Kesha has admitted she felt ''a lot of times'' that she would never get to the stage where she could release 'Rainbow'.
Kesha didn't think she'd ever release 'Rainbow'.
The 32-year-old pop star went through a ''huge purge of emotions'' creating the 2017 record, which was written in the wake of her failed lengthy legal battle to get out of her recording contract with producer Dr. Luke, and has admitted it was all the more ''emotional'' for her when it finally came out.
She admitted: ''There were a lot of times I didn't think I would get to the ['Rainbow' stage].
''That's why it was so emotional putting it out.
''It was just such a special moment for me; I never had the executive producer title and position to be able to make the exact record that I had always wanted to make.''
The 'Die Young' hitmaker - who releases new LP 'High Road' on January 31 - also opened up about how ''intense'' it is entering the music industry as a teenager, and says she wishes record labels would remember that artists are only ''human'' and can't work like ''robots''.
On what she would like to see change in the business, she told the latest issue of Music Week magazine: ''From my personal experience, I don't think the human mind knows what to do sometimes when you reach a goal and, especially with fame and traveling so much, it being just such a strange way of life.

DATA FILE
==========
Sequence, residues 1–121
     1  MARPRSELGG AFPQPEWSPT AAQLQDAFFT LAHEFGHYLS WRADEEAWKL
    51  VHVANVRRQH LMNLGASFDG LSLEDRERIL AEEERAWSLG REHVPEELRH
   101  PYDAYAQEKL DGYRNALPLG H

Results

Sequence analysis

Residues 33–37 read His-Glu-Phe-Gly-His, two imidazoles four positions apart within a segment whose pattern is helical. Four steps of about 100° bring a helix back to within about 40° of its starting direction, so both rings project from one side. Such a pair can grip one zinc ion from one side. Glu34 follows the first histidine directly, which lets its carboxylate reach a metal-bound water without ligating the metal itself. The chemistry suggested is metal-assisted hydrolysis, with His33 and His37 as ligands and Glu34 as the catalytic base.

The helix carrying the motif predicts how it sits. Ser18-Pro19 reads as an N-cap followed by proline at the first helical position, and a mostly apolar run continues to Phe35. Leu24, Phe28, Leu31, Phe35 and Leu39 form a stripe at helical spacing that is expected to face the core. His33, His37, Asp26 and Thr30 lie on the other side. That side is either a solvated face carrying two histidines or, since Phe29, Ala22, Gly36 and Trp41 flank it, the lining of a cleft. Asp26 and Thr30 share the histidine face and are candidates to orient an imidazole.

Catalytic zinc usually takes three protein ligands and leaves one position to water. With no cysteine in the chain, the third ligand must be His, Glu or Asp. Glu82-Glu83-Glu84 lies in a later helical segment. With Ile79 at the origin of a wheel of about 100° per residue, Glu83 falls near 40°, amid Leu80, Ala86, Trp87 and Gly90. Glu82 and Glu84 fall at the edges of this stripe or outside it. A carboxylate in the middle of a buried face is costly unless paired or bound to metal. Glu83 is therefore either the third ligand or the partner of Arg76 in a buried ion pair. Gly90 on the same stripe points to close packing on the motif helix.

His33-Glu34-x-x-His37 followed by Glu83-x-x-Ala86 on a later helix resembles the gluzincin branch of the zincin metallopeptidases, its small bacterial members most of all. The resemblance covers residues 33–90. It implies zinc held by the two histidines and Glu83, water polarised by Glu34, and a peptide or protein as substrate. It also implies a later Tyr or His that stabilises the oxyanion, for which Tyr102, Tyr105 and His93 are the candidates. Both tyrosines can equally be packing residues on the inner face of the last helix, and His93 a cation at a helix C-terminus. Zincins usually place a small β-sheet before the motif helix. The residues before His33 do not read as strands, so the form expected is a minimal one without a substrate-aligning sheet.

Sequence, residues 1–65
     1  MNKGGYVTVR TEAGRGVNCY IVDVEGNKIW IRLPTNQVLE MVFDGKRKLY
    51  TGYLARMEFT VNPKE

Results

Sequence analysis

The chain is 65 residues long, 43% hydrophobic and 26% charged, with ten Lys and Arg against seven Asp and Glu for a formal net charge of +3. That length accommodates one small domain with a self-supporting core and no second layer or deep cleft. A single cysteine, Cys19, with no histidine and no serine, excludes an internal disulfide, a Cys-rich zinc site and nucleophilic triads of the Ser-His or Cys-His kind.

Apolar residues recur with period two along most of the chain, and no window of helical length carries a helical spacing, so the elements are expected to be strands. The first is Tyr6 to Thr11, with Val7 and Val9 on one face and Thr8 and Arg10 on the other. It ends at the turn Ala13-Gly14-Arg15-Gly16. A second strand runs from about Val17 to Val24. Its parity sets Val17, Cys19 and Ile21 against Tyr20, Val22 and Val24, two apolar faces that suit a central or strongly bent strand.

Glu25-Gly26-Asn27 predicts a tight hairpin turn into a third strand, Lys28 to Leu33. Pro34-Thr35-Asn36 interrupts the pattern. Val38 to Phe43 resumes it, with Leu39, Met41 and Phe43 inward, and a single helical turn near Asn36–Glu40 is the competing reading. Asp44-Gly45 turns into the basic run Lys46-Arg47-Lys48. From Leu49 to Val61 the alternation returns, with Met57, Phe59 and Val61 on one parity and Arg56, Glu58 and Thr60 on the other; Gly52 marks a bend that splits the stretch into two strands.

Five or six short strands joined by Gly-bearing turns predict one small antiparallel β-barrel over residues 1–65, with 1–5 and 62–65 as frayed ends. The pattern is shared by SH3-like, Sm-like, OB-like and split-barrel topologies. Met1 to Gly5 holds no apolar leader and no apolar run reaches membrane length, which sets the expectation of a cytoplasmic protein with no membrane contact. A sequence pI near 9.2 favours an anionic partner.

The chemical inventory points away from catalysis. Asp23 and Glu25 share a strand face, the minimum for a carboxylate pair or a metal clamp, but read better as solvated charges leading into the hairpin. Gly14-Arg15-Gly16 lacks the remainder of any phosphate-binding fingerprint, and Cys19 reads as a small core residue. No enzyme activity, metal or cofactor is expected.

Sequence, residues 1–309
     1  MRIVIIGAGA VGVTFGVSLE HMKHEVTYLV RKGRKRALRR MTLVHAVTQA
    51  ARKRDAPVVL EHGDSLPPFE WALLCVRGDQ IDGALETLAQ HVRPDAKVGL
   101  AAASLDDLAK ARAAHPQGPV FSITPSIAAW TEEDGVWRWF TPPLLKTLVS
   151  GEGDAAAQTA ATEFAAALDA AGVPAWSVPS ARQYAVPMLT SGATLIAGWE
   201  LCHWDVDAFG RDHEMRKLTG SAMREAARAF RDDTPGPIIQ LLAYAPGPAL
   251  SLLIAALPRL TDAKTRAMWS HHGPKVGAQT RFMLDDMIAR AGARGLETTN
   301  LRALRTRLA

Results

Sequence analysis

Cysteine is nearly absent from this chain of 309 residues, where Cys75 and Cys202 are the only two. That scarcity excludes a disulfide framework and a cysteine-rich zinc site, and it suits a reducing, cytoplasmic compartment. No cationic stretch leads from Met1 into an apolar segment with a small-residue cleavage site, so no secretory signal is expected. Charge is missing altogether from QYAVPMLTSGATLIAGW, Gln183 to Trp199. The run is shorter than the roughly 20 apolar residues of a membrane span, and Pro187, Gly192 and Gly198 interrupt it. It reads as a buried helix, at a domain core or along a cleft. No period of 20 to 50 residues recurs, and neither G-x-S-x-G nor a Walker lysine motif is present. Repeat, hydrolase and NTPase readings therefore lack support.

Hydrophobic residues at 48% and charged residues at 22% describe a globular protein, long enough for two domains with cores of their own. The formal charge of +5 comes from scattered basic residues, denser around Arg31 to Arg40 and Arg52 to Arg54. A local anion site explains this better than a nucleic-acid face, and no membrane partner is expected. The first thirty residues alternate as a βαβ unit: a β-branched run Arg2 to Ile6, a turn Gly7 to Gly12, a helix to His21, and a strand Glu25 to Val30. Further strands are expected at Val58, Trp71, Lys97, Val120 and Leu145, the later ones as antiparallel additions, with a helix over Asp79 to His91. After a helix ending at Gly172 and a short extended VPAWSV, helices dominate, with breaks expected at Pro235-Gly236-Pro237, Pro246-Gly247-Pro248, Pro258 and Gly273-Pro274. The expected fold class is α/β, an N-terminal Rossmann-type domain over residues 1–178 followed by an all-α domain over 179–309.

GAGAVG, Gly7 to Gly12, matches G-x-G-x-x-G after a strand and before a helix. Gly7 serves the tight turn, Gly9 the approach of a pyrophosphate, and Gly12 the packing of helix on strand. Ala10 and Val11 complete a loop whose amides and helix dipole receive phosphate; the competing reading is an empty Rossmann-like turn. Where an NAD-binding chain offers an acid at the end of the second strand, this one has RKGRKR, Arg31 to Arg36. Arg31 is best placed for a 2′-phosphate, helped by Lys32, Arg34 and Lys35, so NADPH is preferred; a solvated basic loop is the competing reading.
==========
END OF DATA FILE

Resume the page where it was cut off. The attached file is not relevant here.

''The mental health aspect of it is really real.
''A lot of musicians I know don't necessarily have the answers to how to do this; we just kind of figure it out along the way.
''If the head of a label is reading this, I would say: we're human beings, we're not robots. I know I'm the luckiest person in the world for getting to achieve my dreams and my goals, but there are also sides of it that you don't see coming, especially when you're young - 15, 16, 17 years old - and you're dreaming up this thing. It's a really intense, insane ride. Again, I'm so grateful, and I'm very lucky to have put out music and people listen to it. But [people should] just remember, we are human beings and we have emotion. I think a lot has changed, but there's still a lot of changing to be done in terms of the industry.''
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